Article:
You're not going about this terribly intelligently, I have to say.
I have worked in a startup environment. Going with books is probably a waste of time, as they are going to be either too long or too out of date.
It's also unclear what you're trying to do. Be the CEO? Well, a book or two isn't going to be enough. You need to immerse yourself - how can you be running this company if you don't understand your products?
About the best advice I ever got on startups was from the people at HubSpot, which is a very successful Boston-area startup. They say, have two founders. One should be the inventor/engineer/idea person. That's, I believe, your partner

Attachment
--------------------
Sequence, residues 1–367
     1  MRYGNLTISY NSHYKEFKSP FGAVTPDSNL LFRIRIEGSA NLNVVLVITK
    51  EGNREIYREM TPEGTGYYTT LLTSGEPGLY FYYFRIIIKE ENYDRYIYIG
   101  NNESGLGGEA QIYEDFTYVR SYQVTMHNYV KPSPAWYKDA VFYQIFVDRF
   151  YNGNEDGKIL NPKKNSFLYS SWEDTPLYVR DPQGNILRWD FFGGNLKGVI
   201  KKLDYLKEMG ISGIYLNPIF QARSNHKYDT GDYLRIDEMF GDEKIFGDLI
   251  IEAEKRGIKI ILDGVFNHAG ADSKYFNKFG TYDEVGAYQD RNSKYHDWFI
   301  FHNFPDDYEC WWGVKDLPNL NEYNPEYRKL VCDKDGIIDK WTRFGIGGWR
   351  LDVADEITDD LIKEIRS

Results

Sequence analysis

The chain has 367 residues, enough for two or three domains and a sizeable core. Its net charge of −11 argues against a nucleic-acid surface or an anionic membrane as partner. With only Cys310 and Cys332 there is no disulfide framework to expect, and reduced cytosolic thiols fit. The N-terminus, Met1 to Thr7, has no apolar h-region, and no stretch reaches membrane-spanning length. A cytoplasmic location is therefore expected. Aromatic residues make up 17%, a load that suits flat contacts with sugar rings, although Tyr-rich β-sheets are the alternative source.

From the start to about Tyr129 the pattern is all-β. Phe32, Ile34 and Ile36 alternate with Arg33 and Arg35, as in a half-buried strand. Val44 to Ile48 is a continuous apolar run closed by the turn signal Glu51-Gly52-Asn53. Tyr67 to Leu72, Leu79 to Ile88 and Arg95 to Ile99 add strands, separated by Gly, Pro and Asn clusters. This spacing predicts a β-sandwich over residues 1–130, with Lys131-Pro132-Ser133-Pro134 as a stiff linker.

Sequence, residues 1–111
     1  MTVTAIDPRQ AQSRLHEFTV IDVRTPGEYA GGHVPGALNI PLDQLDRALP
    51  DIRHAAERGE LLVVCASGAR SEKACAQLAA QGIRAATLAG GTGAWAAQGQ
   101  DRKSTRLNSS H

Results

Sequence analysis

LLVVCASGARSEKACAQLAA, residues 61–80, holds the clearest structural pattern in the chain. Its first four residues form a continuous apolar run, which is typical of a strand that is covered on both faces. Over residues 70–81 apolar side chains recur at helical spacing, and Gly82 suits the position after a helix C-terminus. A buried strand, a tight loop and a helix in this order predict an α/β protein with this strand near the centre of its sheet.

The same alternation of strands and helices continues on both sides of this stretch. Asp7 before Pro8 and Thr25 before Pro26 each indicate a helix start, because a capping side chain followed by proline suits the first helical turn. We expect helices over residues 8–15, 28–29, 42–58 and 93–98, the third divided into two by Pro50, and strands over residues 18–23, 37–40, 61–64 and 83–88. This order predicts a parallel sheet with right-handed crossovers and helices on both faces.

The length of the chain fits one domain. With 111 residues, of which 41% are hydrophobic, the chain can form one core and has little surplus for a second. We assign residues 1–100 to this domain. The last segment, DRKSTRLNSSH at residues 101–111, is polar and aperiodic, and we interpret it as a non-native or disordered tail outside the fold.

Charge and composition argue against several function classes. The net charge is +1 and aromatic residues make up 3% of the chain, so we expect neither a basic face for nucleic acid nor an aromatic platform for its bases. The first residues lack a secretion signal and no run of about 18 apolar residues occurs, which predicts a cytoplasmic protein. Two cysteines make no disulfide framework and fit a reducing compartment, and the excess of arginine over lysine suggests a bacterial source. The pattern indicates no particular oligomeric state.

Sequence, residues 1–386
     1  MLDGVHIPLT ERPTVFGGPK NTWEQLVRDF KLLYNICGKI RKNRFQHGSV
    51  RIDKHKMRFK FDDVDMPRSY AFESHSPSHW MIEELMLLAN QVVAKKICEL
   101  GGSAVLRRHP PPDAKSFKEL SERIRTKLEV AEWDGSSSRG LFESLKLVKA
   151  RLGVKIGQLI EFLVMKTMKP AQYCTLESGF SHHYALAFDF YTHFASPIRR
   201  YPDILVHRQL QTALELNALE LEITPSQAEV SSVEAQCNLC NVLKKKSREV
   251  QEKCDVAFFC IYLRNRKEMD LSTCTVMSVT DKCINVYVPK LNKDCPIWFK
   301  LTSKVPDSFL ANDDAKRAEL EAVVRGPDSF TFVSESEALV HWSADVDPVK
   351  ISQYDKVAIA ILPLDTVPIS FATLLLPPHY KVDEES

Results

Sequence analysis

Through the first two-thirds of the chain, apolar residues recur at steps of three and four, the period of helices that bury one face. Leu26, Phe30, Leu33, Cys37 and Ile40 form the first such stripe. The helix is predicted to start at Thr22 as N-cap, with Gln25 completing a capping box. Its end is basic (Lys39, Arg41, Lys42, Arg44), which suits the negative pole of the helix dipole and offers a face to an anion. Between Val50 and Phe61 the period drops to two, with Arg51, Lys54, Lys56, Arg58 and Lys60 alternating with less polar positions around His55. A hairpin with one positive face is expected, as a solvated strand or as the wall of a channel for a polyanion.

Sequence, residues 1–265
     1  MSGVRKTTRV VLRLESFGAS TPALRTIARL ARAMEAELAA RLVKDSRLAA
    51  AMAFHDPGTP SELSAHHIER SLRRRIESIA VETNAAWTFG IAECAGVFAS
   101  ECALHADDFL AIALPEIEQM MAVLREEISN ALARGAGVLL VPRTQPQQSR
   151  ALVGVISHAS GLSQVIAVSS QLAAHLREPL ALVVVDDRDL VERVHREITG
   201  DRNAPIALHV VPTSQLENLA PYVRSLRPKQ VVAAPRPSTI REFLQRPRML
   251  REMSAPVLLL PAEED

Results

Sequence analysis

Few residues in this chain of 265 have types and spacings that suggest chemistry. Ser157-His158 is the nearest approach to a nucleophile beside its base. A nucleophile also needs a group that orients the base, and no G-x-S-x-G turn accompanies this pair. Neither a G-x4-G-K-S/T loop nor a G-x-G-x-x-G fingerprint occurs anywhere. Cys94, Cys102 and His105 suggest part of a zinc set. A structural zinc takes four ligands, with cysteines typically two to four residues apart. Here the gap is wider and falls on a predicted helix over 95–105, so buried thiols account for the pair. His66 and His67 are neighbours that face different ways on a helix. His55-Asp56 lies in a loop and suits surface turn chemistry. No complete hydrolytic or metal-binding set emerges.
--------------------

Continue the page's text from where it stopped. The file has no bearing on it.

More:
. The other should be the manager/sales person/CEO/guy who goes after the venture capital and angel investor money. That is you
. Apart from basic understanding of the product, you should not have to know every single little nuance. You should be able to call on your partner for that.
You do not need to do everything - and you will do nothing well if you attempt to do everything. If your partner is not pulling his weight, get yourself a new partner.